The second piece, “Rain,” a solo for company veteran Genevieve Custer-Weeks with composer / pianist Michael Massey playing a concert grand live onstage, was billed as a dance “inspired by the childlike joy of skipping through puddles on a rainy afternoon.” But the long dark pink dance dress Custer-Weeks wore, with its unfortunate empire waist, was more frumpy than youthful, and “Rain” was as wistful as it was joyful. Repeatedly, Custer-Weeks pushed away from the piano, danced a combination, and then returned to stand still, facing the instrument rather than the audience, as if lost in nostalgia. The dance itself was a repetitive series of pique arabesques and chaine turns that crossed the stage on the diagonal or in an arc. On any other dancer this work would have looked dull, but Custer-Weeks found freedom in its simple patterns, pushing through the notes with elastic musicality and revealing nuances that made an otherwise unmemorable piece mesmerizing.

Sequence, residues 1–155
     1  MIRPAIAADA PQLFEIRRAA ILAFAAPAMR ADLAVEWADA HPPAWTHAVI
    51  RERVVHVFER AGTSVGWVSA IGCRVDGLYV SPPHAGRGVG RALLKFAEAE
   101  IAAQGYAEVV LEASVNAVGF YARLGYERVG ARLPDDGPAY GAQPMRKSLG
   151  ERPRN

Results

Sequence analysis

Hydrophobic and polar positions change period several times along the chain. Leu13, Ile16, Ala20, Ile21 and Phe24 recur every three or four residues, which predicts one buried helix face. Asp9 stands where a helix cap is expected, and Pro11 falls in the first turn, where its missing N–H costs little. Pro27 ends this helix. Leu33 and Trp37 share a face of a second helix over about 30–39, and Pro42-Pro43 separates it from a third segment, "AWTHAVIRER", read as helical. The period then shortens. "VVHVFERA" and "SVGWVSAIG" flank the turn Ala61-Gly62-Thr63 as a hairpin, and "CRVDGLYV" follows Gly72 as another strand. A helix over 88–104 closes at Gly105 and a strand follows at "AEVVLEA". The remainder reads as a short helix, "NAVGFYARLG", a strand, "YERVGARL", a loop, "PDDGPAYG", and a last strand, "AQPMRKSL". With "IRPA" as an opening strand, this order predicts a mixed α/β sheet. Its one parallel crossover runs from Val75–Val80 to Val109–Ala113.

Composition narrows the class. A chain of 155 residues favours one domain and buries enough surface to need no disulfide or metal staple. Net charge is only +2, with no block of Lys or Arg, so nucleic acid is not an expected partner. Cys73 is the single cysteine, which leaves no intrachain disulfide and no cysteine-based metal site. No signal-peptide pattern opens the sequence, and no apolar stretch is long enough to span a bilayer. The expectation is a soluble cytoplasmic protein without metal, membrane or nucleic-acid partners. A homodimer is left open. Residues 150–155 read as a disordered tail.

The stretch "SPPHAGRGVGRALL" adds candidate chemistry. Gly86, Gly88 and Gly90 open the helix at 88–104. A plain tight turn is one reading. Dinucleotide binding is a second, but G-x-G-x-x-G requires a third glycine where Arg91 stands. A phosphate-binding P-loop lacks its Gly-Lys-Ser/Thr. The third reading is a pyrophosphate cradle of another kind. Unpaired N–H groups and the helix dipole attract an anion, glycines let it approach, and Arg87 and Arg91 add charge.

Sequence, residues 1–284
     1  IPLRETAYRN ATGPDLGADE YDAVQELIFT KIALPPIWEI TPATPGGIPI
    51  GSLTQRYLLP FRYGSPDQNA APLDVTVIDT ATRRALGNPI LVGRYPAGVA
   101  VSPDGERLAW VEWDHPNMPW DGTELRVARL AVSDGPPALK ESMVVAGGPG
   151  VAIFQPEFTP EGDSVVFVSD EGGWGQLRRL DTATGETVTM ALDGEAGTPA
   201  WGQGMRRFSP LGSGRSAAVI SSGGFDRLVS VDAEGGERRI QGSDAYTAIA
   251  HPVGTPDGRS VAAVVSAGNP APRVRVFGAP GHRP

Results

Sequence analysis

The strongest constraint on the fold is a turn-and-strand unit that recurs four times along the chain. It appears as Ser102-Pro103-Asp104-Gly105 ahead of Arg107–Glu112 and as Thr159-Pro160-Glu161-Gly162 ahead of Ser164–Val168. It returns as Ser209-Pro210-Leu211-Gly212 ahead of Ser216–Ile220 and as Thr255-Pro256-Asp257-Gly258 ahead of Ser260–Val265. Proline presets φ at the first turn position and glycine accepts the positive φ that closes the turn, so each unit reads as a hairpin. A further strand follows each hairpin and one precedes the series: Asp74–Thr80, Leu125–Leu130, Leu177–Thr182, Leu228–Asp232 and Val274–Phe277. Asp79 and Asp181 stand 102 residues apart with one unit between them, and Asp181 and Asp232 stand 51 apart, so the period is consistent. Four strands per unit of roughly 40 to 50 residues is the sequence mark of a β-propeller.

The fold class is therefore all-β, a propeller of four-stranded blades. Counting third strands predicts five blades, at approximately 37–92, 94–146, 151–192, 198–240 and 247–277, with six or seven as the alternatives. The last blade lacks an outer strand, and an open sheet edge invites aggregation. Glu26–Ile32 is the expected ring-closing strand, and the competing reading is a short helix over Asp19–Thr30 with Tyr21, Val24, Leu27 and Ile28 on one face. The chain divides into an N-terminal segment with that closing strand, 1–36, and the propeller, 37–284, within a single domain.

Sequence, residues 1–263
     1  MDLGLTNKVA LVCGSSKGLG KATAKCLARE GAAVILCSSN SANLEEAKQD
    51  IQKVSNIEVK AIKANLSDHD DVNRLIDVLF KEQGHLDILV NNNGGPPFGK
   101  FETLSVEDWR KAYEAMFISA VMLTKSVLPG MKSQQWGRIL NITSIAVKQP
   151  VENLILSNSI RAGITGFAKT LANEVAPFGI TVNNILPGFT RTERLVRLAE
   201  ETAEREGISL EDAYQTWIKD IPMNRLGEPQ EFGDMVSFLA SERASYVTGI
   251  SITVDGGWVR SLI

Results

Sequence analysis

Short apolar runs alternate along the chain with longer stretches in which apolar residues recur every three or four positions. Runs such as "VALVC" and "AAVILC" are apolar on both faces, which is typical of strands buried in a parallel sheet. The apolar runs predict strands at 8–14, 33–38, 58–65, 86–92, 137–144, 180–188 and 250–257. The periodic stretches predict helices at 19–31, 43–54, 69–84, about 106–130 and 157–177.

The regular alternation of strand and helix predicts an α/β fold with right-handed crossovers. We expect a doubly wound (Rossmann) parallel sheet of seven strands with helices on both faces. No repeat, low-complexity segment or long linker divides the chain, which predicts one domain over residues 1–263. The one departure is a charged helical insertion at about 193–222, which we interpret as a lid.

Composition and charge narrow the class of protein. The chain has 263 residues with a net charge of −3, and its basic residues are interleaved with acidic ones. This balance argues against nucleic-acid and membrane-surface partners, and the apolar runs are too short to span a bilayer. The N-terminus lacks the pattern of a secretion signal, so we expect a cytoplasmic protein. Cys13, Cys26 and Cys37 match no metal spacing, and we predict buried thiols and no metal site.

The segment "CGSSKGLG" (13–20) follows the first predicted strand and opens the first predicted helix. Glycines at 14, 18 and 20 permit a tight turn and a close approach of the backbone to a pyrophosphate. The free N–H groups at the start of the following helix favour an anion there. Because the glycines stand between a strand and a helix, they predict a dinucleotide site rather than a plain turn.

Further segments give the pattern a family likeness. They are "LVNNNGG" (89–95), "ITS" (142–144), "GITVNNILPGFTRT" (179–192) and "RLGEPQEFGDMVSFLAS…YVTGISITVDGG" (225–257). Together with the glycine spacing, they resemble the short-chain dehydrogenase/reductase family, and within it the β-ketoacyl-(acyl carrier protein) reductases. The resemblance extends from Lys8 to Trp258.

“Palladio,” the only pure neoclassical work on the program, was a complex short ballet with a very traditional structure. The presto movement opened with four women (Megan Horton, Molly Luksik, Madelaine Boyce and Yu Suzuki) in white tutus, moving in and out of unison against dark blue backlight. A staccato series of releves on pointe in échappé, fourth, and fifth position, adorned with bent-elbowed, expressive wristed, Balanchine-style port de bras, was broken by a lyrical solo from Tierney. Swift shifts between Tierney and the corps followed, all involving very fast petit allegro footwork.
In the adagio pas de deux that followed, Tierney, seemingly weightless, was ably partnered by Bryan Cunningham. This pair has been dancing together since the company went pro, and their confidence in each other was palpable. Tierney floated into lifted pas de chats, then landed on pointe in arabesque or folded back dreamily over Cunningham’s arm. The corps joined Tierney and Cunningham for the third, allegretti movement, which mirrored the relentless petit allegro of the first.